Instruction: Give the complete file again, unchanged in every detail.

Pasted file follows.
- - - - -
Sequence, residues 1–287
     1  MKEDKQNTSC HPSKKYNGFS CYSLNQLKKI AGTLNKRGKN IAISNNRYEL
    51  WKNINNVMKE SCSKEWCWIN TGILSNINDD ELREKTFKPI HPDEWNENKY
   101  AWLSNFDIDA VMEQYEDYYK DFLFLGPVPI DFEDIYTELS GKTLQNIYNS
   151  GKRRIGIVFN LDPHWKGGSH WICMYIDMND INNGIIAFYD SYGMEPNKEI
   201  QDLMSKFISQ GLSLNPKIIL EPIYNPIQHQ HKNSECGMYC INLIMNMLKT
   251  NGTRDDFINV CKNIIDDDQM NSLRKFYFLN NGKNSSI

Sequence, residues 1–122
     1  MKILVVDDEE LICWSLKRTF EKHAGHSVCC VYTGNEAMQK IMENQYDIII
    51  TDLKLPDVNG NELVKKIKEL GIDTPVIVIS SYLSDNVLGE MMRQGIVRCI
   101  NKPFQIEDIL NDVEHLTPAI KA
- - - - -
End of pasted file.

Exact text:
Sequence, residues 1–287
     1  MKEDKQNTSC HPSKKYNGFS CYSLNQLKKI AGTLNKRGKN IAISNNRYEL
    51  WKNINNVMKE SCSKEWCWIN TGILSNINDD ELREKTFKPI HPDEWNENKY
   101  AWLSNFDIDA VMEQYEDYYK DFLFLGPVPI DFEDIYTELS GKTLQNIYNS
   151  GKRRIGIVFN LDPHWKGGSH WICMYIDMND INNGIIAFYD SYGMEPNKEI
   201  QDLMSKFISQ GLSLNPKIIL EPIYNPIQHQ HKNSECGMYC INLIMNMLKT
   251  NGTRDDFINV CKNIIDDDQM NSLRKFYFLN NGKNSSI

Sequence, residues 1–122
     1  MKILVVDDEE LICWSLKRTF EKHAGHSVCC VYTGNEAMQK IMENQYDIII
    51  TDLKLPDVNG NELVKKIKEL GIDTPVIVIS SYLSDNVLGE MMRQGIVRCI
   101  NKPFQIEDIL NDVEHLTPAI KA